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The man behind the magic bike
Britain is bonkers for its bicyclists.
On Day 2 of the Olympics, the host nation won its first medal when cyclist Lizzie Armistead nabbed the silver in the women’s road race.
Then on Thursday, the team of Philip Hindes, Chris Hoy and Jason Kenny teamed to win gold in the men’s team sprint, which started an avalanche of British gold and world records in the velodrome. Hoy also won a gold medal Tuesday in the keirin.
Hoy reportedly took up cycling at age 14 after being inspired by the flying bicycle scenes in the Steven Spielberg blockbuster, “E.T.”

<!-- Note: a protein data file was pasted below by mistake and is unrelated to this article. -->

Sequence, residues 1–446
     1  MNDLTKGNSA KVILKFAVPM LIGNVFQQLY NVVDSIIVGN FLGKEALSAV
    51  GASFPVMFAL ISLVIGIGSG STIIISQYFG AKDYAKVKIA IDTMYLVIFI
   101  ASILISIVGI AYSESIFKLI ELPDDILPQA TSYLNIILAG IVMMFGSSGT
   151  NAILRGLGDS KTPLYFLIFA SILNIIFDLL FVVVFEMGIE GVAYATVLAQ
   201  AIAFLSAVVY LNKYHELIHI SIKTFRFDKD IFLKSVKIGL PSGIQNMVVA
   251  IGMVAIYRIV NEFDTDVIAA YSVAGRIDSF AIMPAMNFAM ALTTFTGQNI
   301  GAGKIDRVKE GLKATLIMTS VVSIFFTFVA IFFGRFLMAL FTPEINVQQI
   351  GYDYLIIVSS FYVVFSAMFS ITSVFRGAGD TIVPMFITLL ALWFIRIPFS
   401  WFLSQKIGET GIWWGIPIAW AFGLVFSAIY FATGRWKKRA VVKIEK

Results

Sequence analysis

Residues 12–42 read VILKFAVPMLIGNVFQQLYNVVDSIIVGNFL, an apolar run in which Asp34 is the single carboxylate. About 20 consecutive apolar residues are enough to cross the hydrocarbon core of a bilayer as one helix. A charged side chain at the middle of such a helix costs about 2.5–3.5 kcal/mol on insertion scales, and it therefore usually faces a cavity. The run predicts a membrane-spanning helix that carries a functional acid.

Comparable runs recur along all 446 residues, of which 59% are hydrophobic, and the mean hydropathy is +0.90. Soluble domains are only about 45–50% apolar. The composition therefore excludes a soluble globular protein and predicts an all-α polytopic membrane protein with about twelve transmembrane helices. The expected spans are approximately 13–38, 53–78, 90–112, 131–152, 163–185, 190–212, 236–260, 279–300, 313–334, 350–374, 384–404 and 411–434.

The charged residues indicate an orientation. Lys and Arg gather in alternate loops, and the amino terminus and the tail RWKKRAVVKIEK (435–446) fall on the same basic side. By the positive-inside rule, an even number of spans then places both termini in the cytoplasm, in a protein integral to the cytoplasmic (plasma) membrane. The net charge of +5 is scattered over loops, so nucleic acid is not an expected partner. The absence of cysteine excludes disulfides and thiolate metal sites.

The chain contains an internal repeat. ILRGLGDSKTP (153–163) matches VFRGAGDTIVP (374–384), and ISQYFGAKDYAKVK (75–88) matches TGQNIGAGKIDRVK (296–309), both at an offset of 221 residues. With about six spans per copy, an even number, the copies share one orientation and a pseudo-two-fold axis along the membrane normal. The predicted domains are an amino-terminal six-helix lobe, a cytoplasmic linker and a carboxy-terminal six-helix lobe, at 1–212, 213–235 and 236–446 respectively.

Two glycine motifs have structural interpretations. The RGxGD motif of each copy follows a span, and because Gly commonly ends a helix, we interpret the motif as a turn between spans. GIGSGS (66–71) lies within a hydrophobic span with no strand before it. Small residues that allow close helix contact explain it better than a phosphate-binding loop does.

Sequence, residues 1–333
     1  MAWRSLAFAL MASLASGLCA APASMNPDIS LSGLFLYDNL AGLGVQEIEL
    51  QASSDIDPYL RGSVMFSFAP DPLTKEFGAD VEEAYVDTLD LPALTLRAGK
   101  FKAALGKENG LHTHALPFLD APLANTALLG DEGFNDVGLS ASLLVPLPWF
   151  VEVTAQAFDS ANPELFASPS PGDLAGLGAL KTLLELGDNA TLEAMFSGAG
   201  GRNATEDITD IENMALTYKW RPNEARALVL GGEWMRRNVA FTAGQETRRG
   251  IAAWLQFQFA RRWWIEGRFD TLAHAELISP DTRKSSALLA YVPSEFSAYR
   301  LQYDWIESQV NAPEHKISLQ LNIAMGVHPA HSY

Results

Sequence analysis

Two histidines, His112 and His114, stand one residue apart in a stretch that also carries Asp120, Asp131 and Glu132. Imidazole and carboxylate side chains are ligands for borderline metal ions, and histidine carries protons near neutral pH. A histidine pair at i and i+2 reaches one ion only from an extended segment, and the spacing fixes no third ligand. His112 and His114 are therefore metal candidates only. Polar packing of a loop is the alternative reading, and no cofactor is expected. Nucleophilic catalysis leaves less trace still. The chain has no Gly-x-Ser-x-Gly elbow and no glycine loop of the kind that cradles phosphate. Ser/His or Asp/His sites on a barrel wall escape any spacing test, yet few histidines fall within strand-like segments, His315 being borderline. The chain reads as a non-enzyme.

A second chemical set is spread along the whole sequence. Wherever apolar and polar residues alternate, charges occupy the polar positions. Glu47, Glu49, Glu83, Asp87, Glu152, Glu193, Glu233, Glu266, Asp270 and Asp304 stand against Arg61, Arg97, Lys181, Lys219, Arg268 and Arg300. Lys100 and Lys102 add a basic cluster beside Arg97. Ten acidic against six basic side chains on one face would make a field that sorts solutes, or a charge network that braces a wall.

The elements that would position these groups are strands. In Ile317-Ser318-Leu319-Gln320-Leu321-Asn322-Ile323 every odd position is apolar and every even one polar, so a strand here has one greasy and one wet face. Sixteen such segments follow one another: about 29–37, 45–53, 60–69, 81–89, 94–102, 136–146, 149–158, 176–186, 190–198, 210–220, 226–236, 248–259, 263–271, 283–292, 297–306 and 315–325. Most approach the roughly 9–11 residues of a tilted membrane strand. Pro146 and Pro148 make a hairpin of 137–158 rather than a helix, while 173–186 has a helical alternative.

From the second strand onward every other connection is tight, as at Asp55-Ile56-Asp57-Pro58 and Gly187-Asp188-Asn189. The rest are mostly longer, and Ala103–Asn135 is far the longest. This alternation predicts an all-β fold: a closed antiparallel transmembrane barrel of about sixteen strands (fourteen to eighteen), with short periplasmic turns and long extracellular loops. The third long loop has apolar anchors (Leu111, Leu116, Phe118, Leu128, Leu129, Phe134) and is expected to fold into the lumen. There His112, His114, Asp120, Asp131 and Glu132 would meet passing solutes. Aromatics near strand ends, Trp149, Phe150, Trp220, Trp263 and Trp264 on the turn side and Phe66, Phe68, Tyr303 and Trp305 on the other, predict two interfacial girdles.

Cycling has been a major bright spot for Great Britain at the London 2012 Games and one British businessman cheered particularly loudly each time the cyclists won. Andrew Ritchie has shed blood, sweat and tears for his fold-able bicycle company, Brompton Bicycle. Brompton is churning out 32,000 sturdy, colorful bikes that are turning into an urban sensation.
But it was far from Easy Street back in the 1970s when Ritchie started down the manufacturing road.
What began as an idea thought up in his living room is now a shining example of “Make it in Great Britain.”
Watch the video above to hear more from Ritchie.
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